D/DoS mitigation hardware/software needed.

From: "Dobbins, Roland" <rdobbins@arbor.net>
Date: Sun, 10 Jan 2010 21:56:38 +0000

> The only thing you've said that is being disputed is the the claim
> that a firewall under a DDoS type of attack will fail before a
> server under the same type > of attack.

It's so obvious that well-crafted programmatically-generated attack
traffic, if nothing else, will crowd out the good traffic that I'm
just dumbfounded anyone thinks 'proof' of this is needed. Same thing
for the fact that horizontally-scaled Web farm (with or without
reverse caching proxies) will of necessity handle a great deal more
TCP state than the biggest, firewall made to date.

> * because it doesn't correlate with my 22 years of experience in systems
> administration and 14 years in netops (including Yahoo netsecops where I
> did use IXIAs to compile stats on FreeBSD and Linux packet filtering),

It doesn't correlate with my 25 years in the industry, a good portion
of the last 15 years spent handling DDoS after DDoS after DDoS, during
which the biggest, baddest firewalls choked and died over and over
again, through multiple generations of said firewalls.

Again, I was able to take down a hardware-based (for whatever value of
'hardware-based' is possible) firewall rated at 2gb/sec with 80kpps of

> * it doesn't correlate with experience in large networks with
> multiple geographically disperse data centers where we did use Arbor,
> Cisco and Juniper equipment,

It correlates with my experience in large networks with
geographically-dispersed IDCs with heterogeneous gear.

> * it doesn't correlate with server and firewall hardware and
> software designs, and last but not least,

Which is a non-sequitur.

> * because you have shown no objective evidence to support the claim.

I've my own broad subjective experience, and that of several other
people who've commented on this thread have similar experiences.
Since you haven't yet acquired this subjective experience, you can
cause it to happen in a controlled test environment, should you so

> Where then, can we find the results of your testing?

The testing I did when I worked for the vendor in question is
proprietary, as you can well surmise. You're free to do your own
testing and confirm these assertions for yourself.

> Nobody has "hurled insults" in this thread other than yourself Roland.

You accused me of acting in my own pecuniary interest, of trying to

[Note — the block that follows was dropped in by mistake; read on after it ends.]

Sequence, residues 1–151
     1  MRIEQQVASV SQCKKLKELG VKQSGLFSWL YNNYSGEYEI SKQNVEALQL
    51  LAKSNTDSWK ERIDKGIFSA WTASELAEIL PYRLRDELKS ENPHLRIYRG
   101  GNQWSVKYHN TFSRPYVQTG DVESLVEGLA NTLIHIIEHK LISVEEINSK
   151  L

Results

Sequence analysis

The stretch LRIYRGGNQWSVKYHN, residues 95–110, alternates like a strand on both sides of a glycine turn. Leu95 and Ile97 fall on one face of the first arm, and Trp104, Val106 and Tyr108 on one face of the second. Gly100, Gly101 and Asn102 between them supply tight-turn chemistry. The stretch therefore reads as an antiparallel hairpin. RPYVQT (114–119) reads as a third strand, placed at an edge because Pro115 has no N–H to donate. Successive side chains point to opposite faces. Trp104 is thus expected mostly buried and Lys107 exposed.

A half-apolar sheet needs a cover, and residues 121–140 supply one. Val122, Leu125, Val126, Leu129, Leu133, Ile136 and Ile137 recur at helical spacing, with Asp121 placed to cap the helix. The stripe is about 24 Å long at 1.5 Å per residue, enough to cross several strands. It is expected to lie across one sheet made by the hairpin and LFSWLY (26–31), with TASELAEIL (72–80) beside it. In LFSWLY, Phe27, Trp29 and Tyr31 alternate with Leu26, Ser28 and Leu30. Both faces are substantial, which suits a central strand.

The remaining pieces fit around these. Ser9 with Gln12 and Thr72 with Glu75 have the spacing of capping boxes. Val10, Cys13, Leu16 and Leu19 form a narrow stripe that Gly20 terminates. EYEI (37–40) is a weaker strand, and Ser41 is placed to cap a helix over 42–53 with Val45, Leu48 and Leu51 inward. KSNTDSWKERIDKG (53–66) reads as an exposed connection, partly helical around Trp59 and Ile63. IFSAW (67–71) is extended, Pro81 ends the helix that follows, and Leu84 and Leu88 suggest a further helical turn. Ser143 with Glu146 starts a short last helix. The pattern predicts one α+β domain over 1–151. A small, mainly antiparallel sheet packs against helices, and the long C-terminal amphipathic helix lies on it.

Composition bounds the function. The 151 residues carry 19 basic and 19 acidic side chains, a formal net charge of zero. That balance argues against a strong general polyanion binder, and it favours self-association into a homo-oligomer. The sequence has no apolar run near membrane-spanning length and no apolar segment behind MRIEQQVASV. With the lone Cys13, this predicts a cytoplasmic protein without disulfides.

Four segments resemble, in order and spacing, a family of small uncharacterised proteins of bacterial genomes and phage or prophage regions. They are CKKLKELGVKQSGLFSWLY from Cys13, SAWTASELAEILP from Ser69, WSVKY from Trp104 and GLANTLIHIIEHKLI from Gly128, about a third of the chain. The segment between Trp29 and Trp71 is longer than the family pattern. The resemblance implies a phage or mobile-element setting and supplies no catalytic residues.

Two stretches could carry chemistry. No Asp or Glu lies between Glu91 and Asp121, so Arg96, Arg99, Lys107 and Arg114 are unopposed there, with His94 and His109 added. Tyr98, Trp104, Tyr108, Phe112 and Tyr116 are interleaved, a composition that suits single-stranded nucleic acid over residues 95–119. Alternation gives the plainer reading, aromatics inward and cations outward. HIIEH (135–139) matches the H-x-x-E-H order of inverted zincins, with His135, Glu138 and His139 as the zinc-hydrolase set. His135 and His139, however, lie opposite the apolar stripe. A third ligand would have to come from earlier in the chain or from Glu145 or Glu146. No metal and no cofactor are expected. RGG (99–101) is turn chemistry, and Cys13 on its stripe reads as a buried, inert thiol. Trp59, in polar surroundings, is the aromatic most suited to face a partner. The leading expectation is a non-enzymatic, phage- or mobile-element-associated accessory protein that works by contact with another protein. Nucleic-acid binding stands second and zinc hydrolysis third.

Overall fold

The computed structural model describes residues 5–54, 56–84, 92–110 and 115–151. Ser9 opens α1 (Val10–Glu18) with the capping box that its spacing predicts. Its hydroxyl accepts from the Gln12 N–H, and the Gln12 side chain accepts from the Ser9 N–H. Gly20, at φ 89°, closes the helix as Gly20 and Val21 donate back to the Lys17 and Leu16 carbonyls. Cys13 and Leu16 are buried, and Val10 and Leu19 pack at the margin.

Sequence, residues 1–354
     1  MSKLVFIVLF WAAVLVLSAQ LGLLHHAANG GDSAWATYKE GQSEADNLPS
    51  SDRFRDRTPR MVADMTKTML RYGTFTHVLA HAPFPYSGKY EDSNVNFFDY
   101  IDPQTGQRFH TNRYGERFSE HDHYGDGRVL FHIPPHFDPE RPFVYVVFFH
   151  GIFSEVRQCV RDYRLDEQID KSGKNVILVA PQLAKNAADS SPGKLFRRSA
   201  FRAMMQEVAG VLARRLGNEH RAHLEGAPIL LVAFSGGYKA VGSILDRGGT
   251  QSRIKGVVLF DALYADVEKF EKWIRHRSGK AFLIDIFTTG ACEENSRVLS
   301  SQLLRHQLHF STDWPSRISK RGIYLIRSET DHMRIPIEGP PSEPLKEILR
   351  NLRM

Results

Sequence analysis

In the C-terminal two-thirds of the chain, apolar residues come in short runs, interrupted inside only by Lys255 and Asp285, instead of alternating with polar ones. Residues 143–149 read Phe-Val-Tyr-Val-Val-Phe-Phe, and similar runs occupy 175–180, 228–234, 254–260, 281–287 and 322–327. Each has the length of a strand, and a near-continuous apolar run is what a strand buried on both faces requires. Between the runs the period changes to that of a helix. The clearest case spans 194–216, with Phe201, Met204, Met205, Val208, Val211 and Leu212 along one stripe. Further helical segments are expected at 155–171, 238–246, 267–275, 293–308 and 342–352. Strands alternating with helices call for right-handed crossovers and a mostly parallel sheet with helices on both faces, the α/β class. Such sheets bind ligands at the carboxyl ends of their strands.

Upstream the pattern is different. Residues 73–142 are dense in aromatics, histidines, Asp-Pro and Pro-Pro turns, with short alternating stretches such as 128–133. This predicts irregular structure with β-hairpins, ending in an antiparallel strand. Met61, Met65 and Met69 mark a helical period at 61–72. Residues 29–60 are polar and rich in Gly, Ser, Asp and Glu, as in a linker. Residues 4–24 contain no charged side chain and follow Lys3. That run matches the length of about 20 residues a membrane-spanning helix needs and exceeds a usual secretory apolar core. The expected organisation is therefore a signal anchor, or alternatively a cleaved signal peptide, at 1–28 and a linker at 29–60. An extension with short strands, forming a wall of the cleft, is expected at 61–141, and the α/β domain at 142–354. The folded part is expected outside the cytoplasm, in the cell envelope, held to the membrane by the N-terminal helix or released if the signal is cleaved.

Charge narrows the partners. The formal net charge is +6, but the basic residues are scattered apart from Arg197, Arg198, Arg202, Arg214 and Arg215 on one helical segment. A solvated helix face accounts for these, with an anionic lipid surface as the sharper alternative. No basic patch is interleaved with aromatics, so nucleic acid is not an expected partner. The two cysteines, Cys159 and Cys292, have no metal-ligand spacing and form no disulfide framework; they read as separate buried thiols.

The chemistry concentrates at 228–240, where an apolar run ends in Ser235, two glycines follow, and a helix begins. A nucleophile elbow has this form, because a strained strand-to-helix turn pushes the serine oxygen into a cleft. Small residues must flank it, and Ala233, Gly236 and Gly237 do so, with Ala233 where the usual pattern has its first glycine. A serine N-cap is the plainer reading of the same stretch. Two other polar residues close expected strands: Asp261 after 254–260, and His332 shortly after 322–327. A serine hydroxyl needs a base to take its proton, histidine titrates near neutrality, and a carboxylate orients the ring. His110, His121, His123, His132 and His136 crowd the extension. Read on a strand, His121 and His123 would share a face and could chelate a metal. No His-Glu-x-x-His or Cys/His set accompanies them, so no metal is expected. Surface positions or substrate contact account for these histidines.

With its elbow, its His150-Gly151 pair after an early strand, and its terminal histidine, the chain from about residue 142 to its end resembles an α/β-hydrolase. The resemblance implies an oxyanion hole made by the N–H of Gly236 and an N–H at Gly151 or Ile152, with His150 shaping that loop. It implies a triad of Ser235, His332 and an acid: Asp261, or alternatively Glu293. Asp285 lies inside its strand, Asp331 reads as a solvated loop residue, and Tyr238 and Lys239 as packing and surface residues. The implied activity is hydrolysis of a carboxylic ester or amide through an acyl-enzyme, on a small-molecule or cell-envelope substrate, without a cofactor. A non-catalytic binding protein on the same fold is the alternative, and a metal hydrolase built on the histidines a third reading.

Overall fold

'sell' things, *for no reason at all*.

> We just need some actual statistics.

If you actually care about the truth of the matter, you're free to
generate your own. If you read the RoK/USA DDoS preso to which I
linked, you see the attack throughput and bandwidth metrics/host, and
you also see where I noted multiple 'Web Application Firewalls',
load-balancers, and so-called 'IPS' falling over as a result of those
attacks. That gives you a range right there, along with some attack
traffic characteristics, including average packet size.

It makes no sense to put a stateful inspection device in front of
servers, where *every single packet* is unsolicited, and therefore no
state tracking is even possible in the first place. Stateless filters
in hardware capable of mpps do a much better job, without the risk of
falling over due to state-table exhaustion.

> Folks who've been unlucky enough to be subjected to significant DDoS
attacks have run into this issue again and again and again. Perhaps
you've simply been lucky; but one can't count on one's luck holding

There is a culture that has developed a dogma that firewalls are THE
solution. Be it DDOS or most any other security threat. Like many
dogmas, it is ingrained into so many people that denial is essentially
heresy. People simply "know" that a firewall is essential, so any
contrary argument is obviously bogus or confused and must be denied.

I used to work at the place that probably invented the stateful firewall
and the folks who invented it became the priests of the firewall dogma
and went forth and preached its value. Note that this predates DDOS by
many years and that they did have some valid arguments. But the result
was an army of security "experts" who scowled and marked the audit as
"FAILED" if you did not front EVERYTHING with a firewall.

I know of one case where an organization bought a firewall and
programmed it to pass everything, just to fix an automatic failure of a
security audit. Oddly, the auditor did not even look at who the firewall
was configured. Simple presence of the box made him happy.

I'm afraid that you are fighting a dogma that will only slowly be
beaten into recognizing reality, but I appreciate your fighting the good